“We do a lot of life skills teaching in the beginning,” Dickerman said. “Of course, as they are getting to be 16, we help them get a job. We are teaching them to show up, [that they] can’t no-call, no-show and [to] dress appropriately. [They also learn] how to use the bus line — for a lot of them, that is exactly what they will be doing. Financial information — that is a huge one, [along with] budgeting. All of the basics that you could think of.”

The atmosphere at Cumberland makes it feel like home to the children and families there, which is something the staff strives for.

“Their day looks just like any other youth’s,” Klein said. “We try to do ‘normal’ as best as we can.”

In addition to the staff, Dickerman emphasizes how much of an influence volunteers can be on Cumberland residents. Groups and organizations visit and help with gardening and mentoring, as well as completing mission work.

“We take for granted that we have people who are good role models around us, and you would be really surprised what 15 minutes can do — just sheer presence can make a difference,” Dickerman said.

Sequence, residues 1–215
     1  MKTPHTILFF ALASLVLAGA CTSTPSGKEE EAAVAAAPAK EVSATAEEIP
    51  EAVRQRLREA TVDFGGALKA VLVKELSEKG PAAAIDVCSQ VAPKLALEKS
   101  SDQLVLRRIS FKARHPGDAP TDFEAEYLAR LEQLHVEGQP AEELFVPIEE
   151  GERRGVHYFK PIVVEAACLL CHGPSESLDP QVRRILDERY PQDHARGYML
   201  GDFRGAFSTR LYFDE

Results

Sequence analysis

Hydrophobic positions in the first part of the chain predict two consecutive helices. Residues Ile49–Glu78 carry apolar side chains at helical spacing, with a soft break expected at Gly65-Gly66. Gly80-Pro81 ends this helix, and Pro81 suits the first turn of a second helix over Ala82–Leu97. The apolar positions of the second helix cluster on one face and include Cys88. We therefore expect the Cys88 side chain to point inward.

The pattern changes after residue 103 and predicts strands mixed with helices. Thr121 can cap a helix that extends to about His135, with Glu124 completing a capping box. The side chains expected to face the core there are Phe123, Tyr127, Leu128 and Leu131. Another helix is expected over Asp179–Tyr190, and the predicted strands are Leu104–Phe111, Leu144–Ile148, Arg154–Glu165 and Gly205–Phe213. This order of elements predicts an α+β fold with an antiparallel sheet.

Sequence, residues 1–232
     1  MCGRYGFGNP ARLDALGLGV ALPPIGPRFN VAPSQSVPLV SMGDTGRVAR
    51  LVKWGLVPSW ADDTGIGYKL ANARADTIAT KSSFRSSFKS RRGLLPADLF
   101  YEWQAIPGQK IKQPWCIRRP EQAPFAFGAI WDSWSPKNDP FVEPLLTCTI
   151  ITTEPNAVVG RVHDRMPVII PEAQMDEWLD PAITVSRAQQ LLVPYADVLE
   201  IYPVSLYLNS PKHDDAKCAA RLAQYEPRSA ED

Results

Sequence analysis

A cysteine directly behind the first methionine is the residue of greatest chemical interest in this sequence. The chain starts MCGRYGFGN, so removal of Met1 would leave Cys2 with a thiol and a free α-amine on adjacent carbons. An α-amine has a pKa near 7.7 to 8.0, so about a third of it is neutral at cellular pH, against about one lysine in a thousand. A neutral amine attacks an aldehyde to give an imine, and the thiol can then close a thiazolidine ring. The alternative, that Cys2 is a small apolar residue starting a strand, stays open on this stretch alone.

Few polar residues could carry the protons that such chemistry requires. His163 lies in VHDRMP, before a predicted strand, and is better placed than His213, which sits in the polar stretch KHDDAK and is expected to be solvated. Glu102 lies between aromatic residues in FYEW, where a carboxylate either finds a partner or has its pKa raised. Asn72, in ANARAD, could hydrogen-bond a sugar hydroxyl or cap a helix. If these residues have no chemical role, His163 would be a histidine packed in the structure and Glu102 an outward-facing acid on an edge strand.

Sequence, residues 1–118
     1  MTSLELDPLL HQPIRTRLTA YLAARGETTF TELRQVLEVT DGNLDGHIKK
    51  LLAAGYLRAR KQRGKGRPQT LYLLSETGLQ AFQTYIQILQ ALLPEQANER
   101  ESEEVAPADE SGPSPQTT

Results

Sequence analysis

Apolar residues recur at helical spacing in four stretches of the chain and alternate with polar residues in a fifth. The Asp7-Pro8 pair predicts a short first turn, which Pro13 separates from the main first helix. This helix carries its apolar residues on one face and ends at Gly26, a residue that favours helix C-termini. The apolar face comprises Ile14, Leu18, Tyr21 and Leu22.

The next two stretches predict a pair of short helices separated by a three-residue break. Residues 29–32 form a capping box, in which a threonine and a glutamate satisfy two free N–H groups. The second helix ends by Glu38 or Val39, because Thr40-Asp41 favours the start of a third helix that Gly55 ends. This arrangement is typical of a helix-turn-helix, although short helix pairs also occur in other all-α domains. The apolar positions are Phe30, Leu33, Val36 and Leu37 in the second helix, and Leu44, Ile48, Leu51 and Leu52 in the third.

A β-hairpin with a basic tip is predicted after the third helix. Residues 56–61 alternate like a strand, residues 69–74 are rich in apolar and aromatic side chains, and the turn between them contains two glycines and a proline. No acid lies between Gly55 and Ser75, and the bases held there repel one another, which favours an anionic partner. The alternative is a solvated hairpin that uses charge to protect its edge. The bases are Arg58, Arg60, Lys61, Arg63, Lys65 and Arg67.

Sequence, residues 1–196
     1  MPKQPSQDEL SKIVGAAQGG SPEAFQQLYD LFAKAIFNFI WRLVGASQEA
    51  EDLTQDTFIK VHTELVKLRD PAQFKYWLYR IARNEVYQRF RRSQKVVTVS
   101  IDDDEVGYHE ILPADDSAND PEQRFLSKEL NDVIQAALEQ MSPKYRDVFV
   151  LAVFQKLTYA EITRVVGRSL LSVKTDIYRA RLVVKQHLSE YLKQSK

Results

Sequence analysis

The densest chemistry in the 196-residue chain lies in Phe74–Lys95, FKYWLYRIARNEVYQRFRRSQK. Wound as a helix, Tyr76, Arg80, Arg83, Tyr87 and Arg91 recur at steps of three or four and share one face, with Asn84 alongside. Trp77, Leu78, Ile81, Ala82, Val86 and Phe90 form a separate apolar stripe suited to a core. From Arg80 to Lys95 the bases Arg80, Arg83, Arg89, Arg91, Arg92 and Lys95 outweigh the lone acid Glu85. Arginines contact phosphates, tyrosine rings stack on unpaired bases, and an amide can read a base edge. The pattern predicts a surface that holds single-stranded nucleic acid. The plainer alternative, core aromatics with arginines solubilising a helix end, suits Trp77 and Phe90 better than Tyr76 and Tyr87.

Because the facility runs mostly on donations, it values in-kind donations and services such as hairstyling from those that want to help.

“It is just as important to do things like that [not only] for the children but also for our budget, for what I call the ‘everyday fund,'” Dickerman said. “All of that symbiotically working together to help the mission in so many ways.”

University help

Cumberland is in close proximity to both UNT and Texas Woman’s University. This has made it possible for the children there to spend time with college students and be exposed to those who are furthering their education.

“College students hanging around is a big deal,” Dickerman said. “It really shows them, ‘Hey, you are not that different than me.'”

Sophomore Scotlyn Ogle volunteered with the on-campus organization Her Campus and held an event to get kids at Cumberland to start thinking about college.

“It was really important to us because sometimes kids go through what they have, don’t think [college] is an option,” Ogle said. “A lot of them got really excited about it, which made us excited to talk about it.”